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Journal of Applied Mathematics
VolumeΒ 2011, Article IDΒ 790942, 9 pages
http://dx.doi.org/10.1155/2011/790942
Research Article

Normal Criteria of Function Families Concerning Shared Values

1School of Mathematics and Information Science, Guangzhou University, Guangzhou 510006, China
2College of Computer Engineering Technology, Guangdong Institute of Science and Technology, Zhuhai 519090, China
3School of Economic and Management, Guangzhou University of Chinese Medicine, Guangzhou 510006, China

Received 10 July 2011; Accepted 7 September 2011

Academic Editor: Hui-ShenΒ Shen

Copyright Β© 2011 Wenjun Yuan et al. This is an open access article distributed under the Creative Commons Attribution License, which permits unrestricted use, distribution, and reproduction in any medium, provided the original work is properly cited.

Abstract

We study the normality of families of meromorphic functions concerning shared values. We consider whether a family of meromorphic functions β„± is normal in 𝐷, if, for every pair of functions 𝑓 and 𝑔 in β„±, π‘“ξ…žβˆ’π‘Žπ‘“βˆ’π‘› and π‘”ξ…žβˆ’π‘Žπ‘”βˆ’π‘› share the value 𝑏, where π‘Ž and 𝑏 are two finite complex numbers such that π‘Žβ‰ 0, 𝑛 is a positive integer. Some examples show that the conditions in our results are best possible.

1. Introduction and Main Results

Let 𝑓(𝑧) and 𝑔(𝑧) be two nonconstant meromorphic functions in a domain π·βŠ†β„‚, and let π‘Ž be a finite complex value. We say that 𝑓 and 𝑔 share π‘Ž CM (or IM) in 𝐷 provided that π‘“βˆ’π‘Ž and π‘”βˆ’π‘Ž have the same zeros counting (or ignoring) multiplicity in 𝐷. When π‘Ž=∞, the zeros of π‘“βˆ’π‘Ž mean the poles of 𝑓 (see [1]). It is assumed that the reader is familiar with the standard notations and the basic results of Nevanlinna's value-distribution theory ([2–4] or [1]).

Bloch's principle [5] states that every condition which reduces a meromorphic function in the plane β„‚ to be a constant forces a family of meromorphic functions in a domain 𝐷 to be normal. Although the principle is false in general (see [6]), many authors proved normality criterion for families of meromorphic functions corresponding to Liouville-Picard type theorem (see [7] or [4]).

It is also more interesting to find normality criteria from the point of view of shared values. In this area, Schwick [8] first proved an interesting result that a family of meromorphic functions in a domain is normal if every function shares three distinct finite complex numbers with its first derivative. And later, more results about normality criteria concerning shared values can be found, for instance, in [9–11] and so on. In recent years, this subject has attracted the attention of many researchers worldwide.

We now first introduce a normality criterion related to a Hayman normal conjecture [12].

Theorem 1.1. Let β„± be a family of holomorphic (meromorphic) functions defined in a domain 𝐷, π‘›βˆˆβ„•,π‘Žβ‰ 0,π‘βˆˆβ„‚. If π‘“ξ…ž(𝑧)+π‘Žπ‘“π‘›(𝑧)βˆ’π‘β‰ 0 for each function 𝑓(𝑧)βˆˆβ„± and 𝑛β‰₯2(𝑛β‰₯3), then β„± is normal in 𝐷.

The results for the holomorphic case are due to Drasin [7] for 𝑛β‰₯3, Pang [13] for 𝑛=3, Chen and Fang [14] for 𝑛=2, Ye [15] for 𝑛=2, and Chen and Gu [16] for the generalized result with π‘Ž and 𝑏 replaced by meromorphic functions. The results for the meromorphic case are due to Li [17], Li [18] and Langley [19] for 𝑛β‰₯5, Pang [13] for 𝑛=4, Chen and Fang [14] for 𝑛=3, and Zalcman [20] for 𝑛=3, obtained independently.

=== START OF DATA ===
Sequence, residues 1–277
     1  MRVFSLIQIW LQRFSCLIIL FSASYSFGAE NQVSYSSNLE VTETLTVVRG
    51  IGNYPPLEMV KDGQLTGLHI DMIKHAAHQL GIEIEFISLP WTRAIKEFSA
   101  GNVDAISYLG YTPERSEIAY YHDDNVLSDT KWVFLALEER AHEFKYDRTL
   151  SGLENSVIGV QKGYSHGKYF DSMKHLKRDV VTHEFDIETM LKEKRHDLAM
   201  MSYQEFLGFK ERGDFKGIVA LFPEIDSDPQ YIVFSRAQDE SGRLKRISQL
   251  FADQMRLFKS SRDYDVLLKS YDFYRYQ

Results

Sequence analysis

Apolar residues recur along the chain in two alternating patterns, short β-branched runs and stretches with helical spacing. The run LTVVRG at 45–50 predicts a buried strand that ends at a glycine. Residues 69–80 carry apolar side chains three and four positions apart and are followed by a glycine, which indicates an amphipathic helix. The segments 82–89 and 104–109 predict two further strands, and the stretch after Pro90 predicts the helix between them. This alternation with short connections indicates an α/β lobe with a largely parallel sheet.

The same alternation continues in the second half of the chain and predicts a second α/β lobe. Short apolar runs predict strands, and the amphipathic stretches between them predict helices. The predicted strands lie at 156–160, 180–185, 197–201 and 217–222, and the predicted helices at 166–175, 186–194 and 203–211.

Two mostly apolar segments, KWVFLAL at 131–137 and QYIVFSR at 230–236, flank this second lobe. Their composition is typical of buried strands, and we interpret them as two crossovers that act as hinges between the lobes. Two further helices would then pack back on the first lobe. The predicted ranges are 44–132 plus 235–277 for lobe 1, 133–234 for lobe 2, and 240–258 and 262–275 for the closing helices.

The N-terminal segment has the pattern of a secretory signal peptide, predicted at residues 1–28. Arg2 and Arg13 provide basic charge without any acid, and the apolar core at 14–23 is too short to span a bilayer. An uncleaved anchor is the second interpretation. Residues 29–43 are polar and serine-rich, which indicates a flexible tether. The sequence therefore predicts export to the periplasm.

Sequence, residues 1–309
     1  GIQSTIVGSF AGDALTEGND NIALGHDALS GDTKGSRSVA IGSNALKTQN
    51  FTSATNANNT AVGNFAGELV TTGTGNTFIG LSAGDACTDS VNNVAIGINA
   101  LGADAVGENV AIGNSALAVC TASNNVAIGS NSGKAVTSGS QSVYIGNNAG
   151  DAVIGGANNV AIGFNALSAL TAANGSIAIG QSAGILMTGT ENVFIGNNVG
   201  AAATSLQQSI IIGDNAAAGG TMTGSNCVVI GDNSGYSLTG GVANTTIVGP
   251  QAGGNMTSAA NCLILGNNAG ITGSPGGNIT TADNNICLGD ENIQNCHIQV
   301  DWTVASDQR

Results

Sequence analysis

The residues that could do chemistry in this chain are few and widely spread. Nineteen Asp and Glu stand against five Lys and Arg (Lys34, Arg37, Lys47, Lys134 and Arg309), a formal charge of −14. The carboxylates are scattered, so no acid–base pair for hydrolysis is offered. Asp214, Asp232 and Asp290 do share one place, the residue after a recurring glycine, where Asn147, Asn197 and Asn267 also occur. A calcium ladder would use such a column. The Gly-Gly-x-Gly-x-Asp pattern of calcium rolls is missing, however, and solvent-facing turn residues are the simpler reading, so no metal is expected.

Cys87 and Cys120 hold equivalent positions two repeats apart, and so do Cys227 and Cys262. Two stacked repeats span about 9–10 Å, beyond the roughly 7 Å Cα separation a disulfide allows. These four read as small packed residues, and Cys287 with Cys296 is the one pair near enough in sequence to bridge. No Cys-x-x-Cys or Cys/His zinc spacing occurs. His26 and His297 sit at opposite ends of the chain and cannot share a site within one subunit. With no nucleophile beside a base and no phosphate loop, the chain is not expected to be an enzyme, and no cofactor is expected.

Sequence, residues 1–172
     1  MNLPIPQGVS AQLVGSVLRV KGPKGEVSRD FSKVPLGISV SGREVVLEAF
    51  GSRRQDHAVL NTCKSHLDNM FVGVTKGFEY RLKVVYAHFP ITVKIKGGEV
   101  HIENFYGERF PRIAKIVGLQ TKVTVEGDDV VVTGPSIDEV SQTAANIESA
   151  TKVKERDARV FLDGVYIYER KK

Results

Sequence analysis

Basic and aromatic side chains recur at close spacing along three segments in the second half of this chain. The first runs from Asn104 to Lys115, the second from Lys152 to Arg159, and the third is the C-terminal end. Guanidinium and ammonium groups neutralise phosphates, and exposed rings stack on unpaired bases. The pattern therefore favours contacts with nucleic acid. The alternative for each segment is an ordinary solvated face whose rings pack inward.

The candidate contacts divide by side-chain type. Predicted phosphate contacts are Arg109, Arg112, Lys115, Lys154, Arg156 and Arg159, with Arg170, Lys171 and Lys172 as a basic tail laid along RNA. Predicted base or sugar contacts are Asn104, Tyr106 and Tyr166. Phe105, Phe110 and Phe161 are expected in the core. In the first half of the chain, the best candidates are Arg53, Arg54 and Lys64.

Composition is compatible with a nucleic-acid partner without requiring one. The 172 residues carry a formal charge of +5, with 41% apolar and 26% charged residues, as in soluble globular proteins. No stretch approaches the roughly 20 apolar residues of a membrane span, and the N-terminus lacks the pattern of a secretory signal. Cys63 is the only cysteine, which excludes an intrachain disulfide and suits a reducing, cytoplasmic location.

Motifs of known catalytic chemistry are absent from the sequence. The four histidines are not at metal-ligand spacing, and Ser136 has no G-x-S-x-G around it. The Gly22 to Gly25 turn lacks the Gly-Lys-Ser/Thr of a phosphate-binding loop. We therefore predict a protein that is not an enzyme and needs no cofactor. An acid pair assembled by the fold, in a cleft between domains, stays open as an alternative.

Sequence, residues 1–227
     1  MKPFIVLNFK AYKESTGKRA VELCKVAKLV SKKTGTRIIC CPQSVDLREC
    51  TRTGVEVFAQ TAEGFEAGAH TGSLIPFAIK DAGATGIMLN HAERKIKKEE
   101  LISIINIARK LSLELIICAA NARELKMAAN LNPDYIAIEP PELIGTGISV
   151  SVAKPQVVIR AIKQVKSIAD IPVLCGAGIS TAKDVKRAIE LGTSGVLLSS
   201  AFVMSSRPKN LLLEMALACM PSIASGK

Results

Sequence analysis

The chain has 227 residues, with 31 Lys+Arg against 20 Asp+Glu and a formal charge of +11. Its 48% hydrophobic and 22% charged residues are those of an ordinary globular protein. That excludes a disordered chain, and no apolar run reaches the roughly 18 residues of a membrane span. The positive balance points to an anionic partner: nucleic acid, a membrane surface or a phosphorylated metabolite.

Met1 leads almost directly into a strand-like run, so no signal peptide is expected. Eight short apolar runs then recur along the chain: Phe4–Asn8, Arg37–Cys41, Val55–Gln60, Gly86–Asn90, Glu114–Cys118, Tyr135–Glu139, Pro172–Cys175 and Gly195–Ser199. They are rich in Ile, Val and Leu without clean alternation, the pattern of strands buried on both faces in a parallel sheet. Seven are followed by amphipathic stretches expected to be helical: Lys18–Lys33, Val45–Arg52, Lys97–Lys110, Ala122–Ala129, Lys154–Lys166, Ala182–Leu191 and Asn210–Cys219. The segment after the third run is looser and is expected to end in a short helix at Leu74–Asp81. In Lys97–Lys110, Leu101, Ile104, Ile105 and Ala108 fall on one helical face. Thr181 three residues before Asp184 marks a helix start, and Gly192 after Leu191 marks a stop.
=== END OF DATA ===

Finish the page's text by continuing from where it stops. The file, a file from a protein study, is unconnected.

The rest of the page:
When 𝑛=2 and β„± is meromorphic, Theorem 1.1 is not valid in general. Fang and Yuan [21] gave an example to this, and moreover a result added other conditions below.

Example 1.2. The family of meromorphic functions β„±={π‘“π‘—βˆš(𝑧)=𝑗𝑧/(π‘—π‘§βˆ’1)2βˆΆπ‘—=1,2,…,} is not normal in 𝐷={π‘§βˆΆ|𝑧|<1}. This is deduced by 𝑓#𝑗(0)=π‘—β†’βˆž, as π‘—β†’βˆž and Marty's criterion [2], although, for any 𝑓𝑗(𝑧)βˆˆβ„±,π‘“ξ…žπ‘—+𝑓2π‘—βˆš=𝑗(π‘—π‘§βˆ’1)βˆ’4β‰ 0.

Here 𝑓#(πœ‰) denotes the spherical derivative 𝑓#||𝑓(πœ‰)=ξ…ž||(πœ‰)||||1+𝑓(πœ‰)2.(1.1)

Theorem 1.3. Let β„± be a family of meromorphic functions in a domain 𝐷, and π‘Žβ‰ 0,π‘βˆˆβ„‚. If π‘“ξ…ž(𝑧)+π‘Ž(𝑓(𝑧))2βˆ’π‘β‰ 0 and the poles of 𝑓(𝑧) are of multiplicity β‰₯3 for each 𝑓(𝑧)βˆˆβ„±, then β„± is normal in 𝐷.

In 2008, by the ideas of shared values, Zhang [11] proved the following.

Theorem 1.4. Let β„± be a family of meromorphic (holomorphic) functions in 𝐷, 𝑛 a positive integer, and π‘Ž, 𝑏 two finite complex numbers such that π‘Žβ‰ 0. If 𝑛β‰₯4(𝑛β‰₯2) and, for every pair of functions 𝑓 and 𝑔 in β„±, π‘“ξ…žβˆ’π‘Žπ‘“π‘› and π‘”ξ…žβˆ’π‘Žπ‘”π‘› share the value 𝑏, then β„± is normal in 𝐷.

Example 1.5 (see [11]). The family of meromorphic functions β„±={π‘“π‘—βˆš(𝑧)=1/(𝑗(π‘§βˆ’(1/𝑗)))βˆΆπ‘—=1,2,…,} is not normal in 𝐷={π‘§βˆΆ|𝑧|<1}. Obviously π‘“ξ…žπ‘—βˆ’π‘“3π‘—βˆš=βˆ’π‘§/(𝑗(π‘§βˆ’(1/𝑗))3). So for each pair π‘š,𝑗,π‘“ξ…žπ‘—βˆ’π‘“3𝑗 and π‘“ξ…žπ‘šβˆ’π‘“3π‘š share the value 0 in 𝐷, but β„± is not normal at the point 𝑧=0, since 𝑓#π‘—βˆš(0)=2(𝑗)3/(1+𝑗)β†’βˆž, as π‘—β†’βˆž.

Remark 1.6. Example 1.5 shows that Theorem 1.4 is not valid when 𝑛=3, and the condition 𝑛=4 is best possible for meromorphic case.

In this paper, we will consider the similar relations and prove the following results.

Theorem 1.7. Let β„± be a family of meromorphic functions in 𝐷, 𝑛 a positive integer, and π‘Ž, 𝑏 two finite complex numbers such that π‘Žβ‰ 0. If 𝑛β‰₯2 and, for every pair of functions 𝑓 and 𝑔 in β„±, π‘“ξ…žβˆ’π‘Žπ‘“βˆ’π‘› and π‘”ξ…žβˆ’π‘Žπ‘”βˆ’π‘› share the value 𝑏, then β„± is normal in 𝐷.